For my return trip, I chose the inland route through the orange groves on Interstate 5, which cuts through California’s hot central valley and has a single hydrogen station right around the midway point in Coalinga. I had good reason to hope it was working: Coalinga is home to a thriving cattle industry, and the air is perfumed with a scent far less pleasant than your average rose. Turns out I needn’t have worried, as the Mirai was more efficient for this 140-mile leg than I expected: Despite cruising at the 70-mph speed limit, I averaged 77 mpg-e and used just 110 miles of indicated range for the 140-mile journey to the hydrogen station.

Rolling into Coalinga, I had 220 miles of range remaining; Los Angeles’ northernmost station, in Mission Hills, was only 180 miles away, which means I might have been able to make it home without stopping. I still had the Grapevine ahead of me, though, and the Coalinga station was working just fine. Besides, I’ve learned to treat hydrogen stations like bathrooms: Never pass a working one without using it. A four-minute fill-up at the familiar blue True Zero pump gave me 349 miles of indicated range. I left the cow-dung-scented air to the slow-charging battery electric vehicles and put Coalinga in my rearview mirror.

Although the Mirai’s powerful electric motor will happily rocket over steep grades like the Grapevine at 80-plus, I decided to take it easy and follow the 60-mph speed limit for the uphill run. I used a lot of hydrogen going up the hill and very little going down: I reset the trip computer at Coalinga, and when I got to the foot of the Grapevine, I was averaging 70 mpg-e. That dropped to 60 mpg-e when I crested the hill, but by the time I got to the bottom, it was back up to 68 mpg-e—much better than the fuel economy I saw on the coastal route. (The Mirai does have a small hybrid-size battery, which charges using regenerative braking, but it can’t recoup miles of range like a battery-electric vehicle can.)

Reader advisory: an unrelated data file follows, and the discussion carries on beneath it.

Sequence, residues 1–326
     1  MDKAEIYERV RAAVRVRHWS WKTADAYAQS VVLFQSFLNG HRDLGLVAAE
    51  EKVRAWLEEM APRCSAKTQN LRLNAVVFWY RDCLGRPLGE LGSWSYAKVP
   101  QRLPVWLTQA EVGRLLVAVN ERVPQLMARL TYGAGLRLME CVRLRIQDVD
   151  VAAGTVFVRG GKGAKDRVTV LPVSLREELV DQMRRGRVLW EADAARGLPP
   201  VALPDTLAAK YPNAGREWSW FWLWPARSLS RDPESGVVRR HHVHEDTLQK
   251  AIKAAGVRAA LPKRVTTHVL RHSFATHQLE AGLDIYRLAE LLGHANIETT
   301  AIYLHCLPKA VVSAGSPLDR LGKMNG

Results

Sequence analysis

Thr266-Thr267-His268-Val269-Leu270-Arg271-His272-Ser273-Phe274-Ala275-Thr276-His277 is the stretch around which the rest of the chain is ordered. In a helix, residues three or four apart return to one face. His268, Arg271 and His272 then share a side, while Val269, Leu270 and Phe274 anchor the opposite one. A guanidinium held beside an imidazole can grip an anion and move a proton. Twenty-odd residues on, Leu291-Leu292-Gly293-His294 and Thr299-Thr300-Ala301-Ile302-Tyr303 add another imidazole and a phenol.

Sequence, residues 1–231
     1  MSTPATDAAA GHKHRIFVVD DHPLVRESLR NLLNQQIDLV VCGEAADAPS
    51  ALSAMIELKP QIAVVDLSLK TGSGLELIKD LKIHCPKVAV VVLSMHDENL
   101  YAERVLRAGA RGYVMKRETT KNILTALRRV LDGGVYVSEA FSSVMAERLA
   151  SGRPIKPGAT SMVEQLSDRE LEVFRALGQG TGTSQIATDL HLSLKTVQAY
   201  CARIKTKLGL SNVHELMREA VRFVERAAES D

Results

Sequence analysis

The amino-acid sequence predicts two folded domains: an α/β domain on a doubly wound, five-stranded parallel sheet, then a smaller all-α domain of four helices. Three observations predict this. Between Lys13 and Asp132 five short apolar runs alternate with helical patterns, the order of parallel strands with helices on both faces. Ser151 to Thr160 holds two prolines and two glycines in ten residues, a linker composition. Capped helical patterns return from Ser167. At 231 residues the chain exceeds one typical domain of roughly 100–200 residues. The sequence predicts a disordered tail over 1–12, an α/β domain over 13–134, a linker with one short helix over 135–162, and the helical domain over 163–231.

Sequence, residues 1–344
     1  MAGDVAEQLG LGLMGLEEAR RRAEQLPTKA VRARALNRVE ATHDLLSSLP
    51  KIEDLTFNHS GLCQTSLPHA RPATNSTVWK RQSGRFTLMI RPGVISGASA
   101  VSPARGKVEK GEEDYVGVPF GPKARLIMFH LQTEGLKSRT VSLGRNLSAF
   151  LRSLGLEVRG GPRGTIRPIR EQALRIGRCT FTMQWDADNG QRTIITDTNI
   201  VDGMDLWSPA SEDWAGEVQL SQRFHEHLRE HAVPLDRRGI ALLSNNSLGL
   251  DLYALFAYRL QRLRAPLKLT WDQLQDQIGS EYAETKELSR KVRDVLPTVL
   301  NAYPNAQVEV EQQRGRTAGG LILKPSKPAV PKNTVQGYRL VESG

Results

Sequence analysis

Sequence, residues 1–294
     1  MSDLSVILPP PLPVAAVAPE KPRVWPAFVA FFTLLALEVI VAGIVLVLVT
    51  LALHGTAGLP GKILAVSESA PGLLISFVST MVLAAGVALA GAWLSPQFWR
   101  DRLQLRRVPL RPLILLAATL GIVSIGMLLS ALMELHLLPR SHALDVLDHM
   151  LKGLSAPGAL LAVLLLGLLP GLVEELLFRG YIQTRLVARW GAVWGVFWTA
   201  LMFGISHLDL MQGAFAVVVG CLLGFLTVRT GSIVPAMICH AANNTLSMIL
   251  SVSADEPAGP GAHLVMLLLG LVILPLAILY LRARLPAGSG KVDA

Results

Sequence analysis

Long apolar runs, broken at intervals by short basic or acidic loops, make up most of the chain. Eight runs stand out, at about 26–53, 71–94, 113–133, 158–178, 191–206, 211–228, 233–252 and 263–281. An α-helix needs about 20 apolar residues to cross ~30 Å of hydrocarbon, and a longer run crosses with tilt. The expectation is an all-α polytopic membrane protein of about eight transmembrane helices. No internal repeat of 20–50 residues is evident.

Point being, I had enough fuel in the tank to violate my hydrogen station/bathroom rule and cruise right past Mission Hills to home, where I parked with 135 miles of range remaining.

All in all, the trip was easier than I expected: I didn’t get stuck, and had I taken I-5 both ways, I might not even have needed that intermediate stop. With Coalinga working, I could have blasted the A/C and run hell-for-leather with no problems—but given what I know about station reliability, that wouldn’t have been a smart idea. That’s the problem with traveling today’s hydrogen highway: the stress. Unlike gasoline, or increasingly EVs, if a hydrogen station isn’t working, there won’t be another one just down the block. But that’s the fault of the fledgling (and still largely experimental) hydrogen fueling infrastructure, not the Mirai.

Would a battery-powered electric car have made the trip less stressful? Perhaps, as there are more chargers, but it probably would have been a heck of a lot slower. One of Toyota’s selling points for the Mirai is fast fill-ups, and that’s a promise fulfilled: The Mirai is effectively an electric car that can “charge” from 0 to 350-plus miles of range in three to five minutes. Even the fast-charging Hyundai Ioniq 5 takes 18 minutes to get from 10 to 80 percent, and an additional 20 or 30 minutes to get all the way to 100 percent—and all that is if you can find a 350-kW charger that is a) working, and b) not being used by some dunderhead who doesn’t realize his Mustang Mach-E can only charge at 150 kW. “Charging” the Mirai is as fast as filling a gas car… provided the station is working properly.

I view my trip as a success for the Mirai. With a more robust fueling infrastructure, travel in the Mirai would be a no-brainer—smooth, silent, and nearly as clean as an electric car, but with the fueling speed of a gasoline car. Unfortunately, given the teething problems with hydrogen fueling stations, I don’t think the infrastructure will be expanding any time soon—so for the rest of my (short) time with the Mirai, I’ll stick close to home.